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Neutrophil cannibalism – a back up when the macrophage clearance system is insufficient

DOI: 10.1186/1465-9921-7-143

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Abstract:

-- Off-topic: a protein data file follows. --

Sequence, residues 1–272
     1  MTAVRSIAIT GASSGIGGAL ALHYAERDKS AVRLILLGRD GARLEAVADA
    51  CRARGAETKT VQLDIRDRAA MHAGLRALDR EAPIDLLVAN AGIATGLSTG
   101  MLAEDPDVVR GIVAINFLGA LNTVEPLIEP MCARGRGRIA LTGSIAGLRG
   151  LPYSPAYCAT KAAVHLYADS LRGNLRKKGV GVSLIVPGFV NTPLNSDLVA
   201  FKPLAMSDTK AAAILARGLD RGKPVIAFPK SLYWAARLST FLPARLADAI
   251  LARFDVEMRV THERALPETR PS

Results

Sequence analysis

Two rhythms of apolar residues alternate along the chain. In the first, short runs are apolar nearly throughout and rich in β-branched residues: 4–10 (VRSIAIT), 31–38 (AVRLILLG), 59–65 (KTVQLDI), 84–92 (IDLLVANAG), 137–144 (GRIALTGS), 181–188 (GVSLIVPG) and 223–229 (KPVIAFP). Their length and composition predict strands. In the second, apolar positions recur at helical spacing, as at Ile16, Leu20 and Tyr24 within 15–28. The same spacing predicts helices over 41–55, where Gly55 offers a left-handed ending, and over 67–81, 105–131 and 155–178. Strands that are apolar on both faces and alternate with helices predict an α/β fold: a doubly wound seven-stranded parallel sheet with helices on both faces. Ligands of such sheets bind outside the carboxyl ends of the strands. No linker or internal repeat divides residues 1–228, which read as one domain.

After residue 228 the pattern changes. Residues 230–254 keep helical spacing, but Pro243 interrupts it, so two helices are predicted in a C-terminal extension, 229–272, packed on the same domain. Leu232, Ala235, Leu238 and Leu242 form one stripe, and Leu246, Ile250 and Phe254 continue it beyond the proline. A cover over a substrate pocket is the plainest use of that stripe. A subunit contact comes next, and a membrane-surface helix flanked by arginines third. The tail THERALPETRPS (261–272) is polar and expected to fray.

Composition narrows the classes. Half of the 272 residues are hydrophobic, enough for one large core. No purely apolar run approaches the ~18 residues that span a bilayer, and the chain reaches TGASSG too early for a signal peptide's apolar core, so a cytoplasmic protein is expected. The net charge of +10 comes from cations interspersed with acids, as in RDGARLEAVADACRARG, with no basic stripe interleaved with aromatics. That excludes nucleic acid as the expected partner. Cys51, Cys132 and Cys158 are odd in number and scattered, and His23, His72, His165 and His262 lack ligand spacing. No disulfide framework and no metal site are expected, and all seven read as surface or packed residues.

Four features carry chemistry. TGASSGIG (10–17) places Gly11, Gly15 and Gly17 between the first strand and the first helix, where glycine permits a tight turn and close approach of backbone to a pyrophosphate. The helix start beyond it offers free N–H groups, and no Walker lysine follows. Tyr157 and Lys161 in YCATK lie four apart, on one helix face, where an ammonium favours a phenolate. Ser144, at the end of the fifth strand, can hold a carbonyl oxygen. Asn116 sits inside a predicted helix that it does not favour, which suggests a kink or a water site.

Intranasal lipopolysaccharide administration was used to induce lung inflammation in mice. The animals were sacrificed at seven time points following administration, bronchoalveolar lavage was performed and tissue samples obtained. Electron microscopy and histochemistry was used to assess neutrophil phagocytosis.Electron microscopic studies revealed that phagocytosing neutrophils was common, at 24 h after LPS administration almost 50% of the total number of neutrophils contained phagosomes, and the engulfed material was mainly derived from other neutrophils. Histochemistry on bronchoalvolar lavage cells further showed phagocytosing neutrophils to be frequently occurring.Neutrophils are previously known to phagocytose invading pathogens and harmful particles. However, this study demonstrates that neutrophils are also able to engulf apoptotic neutrophils or cell debris resulting from secondary necrosis of neutrophils. Neutrophils may thereby contribute to clearance and resolution of inflammation, thus acting as a back up system in situations when the macrophage clearance system is insufficient and/or overwhelmed.Neutrophils are short lived immune cells who invade tissues in response to a variety of stimuli, for example viral and bacterial infections [1,2]. They are professional phagocytes and contribute to resolution of inflammation by removing infectious and inflammatory stimuli [1,2]. Apart from being present during acute infections, neutrophils are also found to a variable degree during airway diseases such as COPD, asthma and ARDS/ALI [3,4]. Neutrophils have a high turnover and are normally rapidly cleared by apoptosis, followed by macrophage phagocytosis [2,5]. During infection a large number of neutrophils are present in order to efficiently clear the infection, and studies have shown that ingestion of bacteria may delay neutrophil apoptosis [2], thereby causing very large number of cells accumulating in the same area. In such cases, the normally rapid clearance

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